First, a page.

…in five days!
God, this supply teaching lark is a baptism of fire. Five separate days I have done thus far – and, in that time, I have achieved a state I never completely reached in thirty years as a full-time teacher: Jaded cynicism.
Oh! I was a rebel, a questioner and a maverick – but I genuinely cared about the children I taught, was passionate about my subject and wanted to watch the unfolding of personality which is such a crucial part of the school experience.
Sad to relate, I can see – after only visiting four different schools – the effect of the Tick-Box-and-A*-C-and-Ofsted-Outstanding mentality and culture upon the actual learning and behaviour of the children.
Behaviour has deteriorated even in the five years since I left – and any teacher who tries to instil discipline, by the raising of the voice, is frowned upon and seen as overly confrontational. Rules, arbitrarily chosen as a substitute, in all too many cases, for true discipline and respect, are adhered to in inverse proportion to the seriousness of the behaviour – or so it seems to me.
There seems to be a punitive and Big Brother-ish regime going on in Staff Rooms, a far cry from the days when these rooms were a sanctuary, a place where all fraught souls could meet after a ghastly lesson with 11z and vent in safety and away from the Young Things.
Today, after a hellish lesson (the first of two with this group), I asked a previously-unknown teacher for help – and, in the process, and because I was very upset, used a swear word to describe two of the worst-behaved children. This was in the Staff Room, I hasten to add, and no children were within ear-shot.
This teacher told me to stop right there, in a most officious tone, and said that they do not use that kind of language in their school. I was shocked, frankly: Had I been blasting bad language at the class, I would have expected, and accepted, a rebuke; but to be taken to task, when clearly distraught, in the teachers’ safe area was appalling. I would never have done anything like this when I was a full-time teacher – and I just feel that this shows a wrongness in prioritising which, to me, sums up a great deal of what has gone awry in education in recent years.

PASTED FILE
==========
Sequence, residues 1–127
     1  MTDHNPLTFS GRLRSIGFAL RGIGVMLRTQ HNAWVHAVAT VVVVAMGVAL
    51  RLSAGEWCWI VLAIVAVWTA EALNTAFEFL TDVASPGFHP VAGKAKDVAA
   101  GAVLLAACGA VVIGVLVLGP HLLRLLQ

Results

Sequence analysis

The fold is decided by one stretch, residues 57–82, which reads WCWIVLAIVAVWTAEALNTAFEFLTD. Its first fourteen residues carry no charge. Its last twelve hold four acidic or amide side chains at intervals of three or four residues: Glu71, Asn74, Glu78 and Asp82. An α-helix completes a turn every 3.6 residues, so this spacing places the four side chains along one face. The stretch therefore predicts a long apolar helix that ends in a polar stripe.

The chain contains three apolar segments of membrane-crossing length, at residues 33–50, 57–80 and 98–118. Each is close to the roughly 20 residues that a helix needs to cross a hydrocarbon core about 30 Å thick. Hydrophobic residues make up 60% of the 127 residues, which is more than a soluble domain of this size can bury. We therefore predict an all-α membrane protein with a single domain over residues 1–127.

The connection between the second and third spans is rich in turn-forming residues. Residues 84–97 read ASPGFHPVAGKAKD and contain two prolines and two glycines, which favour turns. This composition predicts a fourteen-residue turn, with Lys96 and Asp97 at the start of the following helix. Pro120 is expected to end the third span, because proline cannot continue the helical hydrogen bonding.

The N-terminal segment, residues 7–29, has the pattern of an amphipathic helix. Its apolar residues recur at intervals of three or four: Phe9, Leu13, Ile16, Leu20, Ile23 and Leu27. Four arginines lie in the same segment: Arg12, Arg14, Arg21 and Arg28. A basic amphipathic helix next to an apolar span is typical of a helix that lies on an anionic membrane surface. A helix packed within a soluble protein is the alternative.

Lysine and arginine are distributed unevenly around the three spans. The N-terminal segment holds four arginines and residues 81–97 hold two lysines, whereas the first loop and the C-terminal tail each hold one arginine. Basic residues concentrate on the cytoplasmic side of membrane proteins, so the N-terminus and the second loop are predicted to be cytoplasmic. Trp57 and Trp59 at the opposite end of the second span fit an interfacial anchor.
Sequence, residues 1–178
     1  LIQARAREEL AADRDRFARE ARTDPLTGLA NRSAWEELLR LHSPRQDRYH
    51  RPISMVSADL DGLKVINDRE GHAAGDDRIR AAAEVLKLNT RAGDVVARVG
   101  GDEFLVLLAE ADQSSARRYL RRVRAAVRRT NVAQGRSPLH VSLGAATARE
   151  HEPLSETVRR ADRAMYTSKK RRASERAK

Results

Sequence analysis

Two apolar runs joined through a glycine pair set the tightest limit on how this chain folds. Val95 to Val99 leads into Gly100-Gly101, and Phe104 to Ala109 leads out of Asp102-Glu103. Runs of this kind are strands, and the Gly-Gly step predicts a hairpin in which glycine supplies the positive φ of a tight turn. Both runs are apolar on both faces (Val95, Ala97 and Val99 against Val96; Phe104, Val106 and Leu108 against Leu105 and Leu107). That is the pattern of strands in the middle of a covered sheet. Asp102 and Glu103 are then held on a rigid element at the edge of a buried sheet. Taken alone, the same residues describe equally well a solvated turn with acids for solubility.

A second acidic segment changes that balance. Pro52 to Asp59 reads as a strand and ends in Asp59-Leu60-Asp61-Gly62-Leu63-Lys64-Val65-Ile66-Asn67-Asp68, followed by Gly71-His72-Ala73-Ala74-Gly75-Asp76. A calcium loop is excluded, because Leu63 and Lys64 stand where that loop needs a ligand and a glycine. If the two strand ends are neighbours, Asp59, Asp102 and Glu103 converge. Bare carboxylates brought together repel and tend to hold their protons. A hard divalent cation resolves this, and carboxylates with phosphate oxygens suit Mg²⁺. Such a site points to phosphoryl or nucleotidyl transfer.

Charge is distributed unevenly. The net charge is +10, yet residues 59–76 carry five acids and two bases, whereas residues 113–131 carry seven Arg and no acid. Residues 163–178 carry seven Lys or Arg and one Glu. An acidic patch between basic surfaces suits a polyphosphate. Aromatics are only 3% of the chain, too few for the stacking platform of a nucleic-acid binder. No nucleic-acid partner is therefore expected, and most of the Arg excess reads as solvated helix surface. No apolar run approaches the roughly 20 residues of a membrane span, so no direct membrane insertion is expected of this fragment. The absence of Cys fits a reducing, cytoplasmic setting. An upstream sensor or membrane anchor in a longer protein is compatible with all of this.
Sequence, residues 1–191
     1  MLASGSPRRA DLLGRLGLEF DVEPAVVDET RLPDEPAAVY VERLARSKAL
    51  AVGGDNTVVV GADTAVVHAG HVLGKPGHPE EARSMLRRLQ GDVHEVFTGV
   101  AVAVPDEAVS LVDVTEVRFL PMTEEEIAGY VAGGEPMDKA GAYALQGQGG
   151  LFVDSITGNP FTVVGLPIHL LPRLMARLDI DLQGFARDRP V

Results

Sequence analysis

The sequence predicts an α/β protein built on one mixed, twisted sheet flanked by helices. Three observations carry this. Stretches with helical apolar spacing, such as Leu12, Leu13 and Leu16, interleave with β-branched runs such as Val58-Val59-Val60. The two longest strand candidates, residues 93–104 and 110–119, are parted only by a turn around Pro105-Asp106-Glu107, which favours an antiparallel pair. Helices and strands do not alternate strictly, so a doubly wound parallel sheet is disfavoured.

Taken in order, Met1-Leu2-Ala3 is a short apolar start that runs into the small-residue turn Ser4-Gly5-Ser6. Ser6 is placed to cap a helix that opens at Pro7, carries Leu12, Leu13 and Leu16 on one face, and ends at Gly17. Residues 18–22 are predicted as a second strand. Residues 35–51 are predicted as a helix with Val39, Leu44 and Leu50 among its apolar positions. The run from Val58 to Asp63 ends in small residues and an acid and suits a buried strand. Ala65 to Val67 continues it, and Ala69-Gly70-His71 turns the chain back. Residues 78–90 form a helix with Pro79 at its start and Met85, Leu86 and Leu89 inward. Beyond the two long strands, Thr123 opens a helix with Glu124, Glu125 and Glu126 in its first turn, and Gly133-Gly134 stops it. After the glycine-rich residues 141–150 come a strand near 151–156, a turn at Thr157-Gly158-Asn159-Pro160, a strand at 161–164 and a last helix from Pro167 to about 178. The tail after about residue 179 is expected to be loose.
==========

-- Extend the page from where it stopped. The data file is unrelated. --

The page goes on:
Gone, it would seem, are the days of teachers supporting one another in any true sense – and, in their place, we have this invidious new system of spying and sanctimonious reporting back – in order to gain Brownie Points and slither a bit further up the ladder, one assumes.
The trouble is that educationalists near and far are overly taken in by fancy smart uniforms, having the word ‘Academy’ in the school’s name and the latest vote from the Ofsted team – and, in the fuss and pother which surrounds all of the above, actual standards of behaviour, of decency, of respect and of educating the whole child seem to have fallen largely by the wayside. Posh clothes do not a civilised person make!
The other, to me, tragic part of it all is the increasing conformity, the cloning, of intelligent, well-educated people who train to become teachers. They do not appear to question the hellish initiatives, the outrageous working hours, the badly-behaved children. They are afraid to stick their heads above the parapet for fear of losing them to incoming fire.
There is, to me, something chilling about a teachers’ room which forbids swearing. The delusion that such an act will filter down to the under twenties is too obvious to belabour. But it is more than that. Teaching is incredibly, and increasingly, stressful – and teachers need that safety valve more now than they did even five years ago. Those of us who have taught know that these terms we bandy about in frustration, after a gruelling lesson, are not what we truly think of that individual – and we most certainly would not dream of saying such a thing to a child’s face; they are a way of expressing the angst and ridding the body of some of its stored-up adrenaline. Better to release it in front of other adults, surely, than to blow like a volcano in front of another class.
Anyone who knows me will be aware that I tend to get very fond of the adolescents I teach and, for all that they can be infuriating, I always have their best interests at heart – and am very conscious of their fragile self-esteem and the battering even the mildest insult can deliver to it.
I got out of teaching at the right time, I now realise. The mavericks were already being hunted to extinction – and have not, to the best of my knowledge, been replaced.
I fear that the only way to survive is to give in to outright cynicism, do the bare minimum and pay lip service to laws which appear to have been set up to please Ofsted rather than to deal with, and serve, real children and real, often heavily oppressed, adults.
Not sure I care that much any more. Shame and a waste, eh? But probably better for me in the long run – says she selfishly. I’ll do the best I can. But I won’t agonise the way I used to!
If I can disseminate the contents of the lesson coherently, stop the little buggers from killing each other/going on a rampage through the rest of the school and keep the noise level to a dull roar – job done!
Actually, I think the member of staff who told me off did me a favour in an odd way. A system which has such trivia at the forefront of its concerns is not one which deserves the best of my creativity, power and care.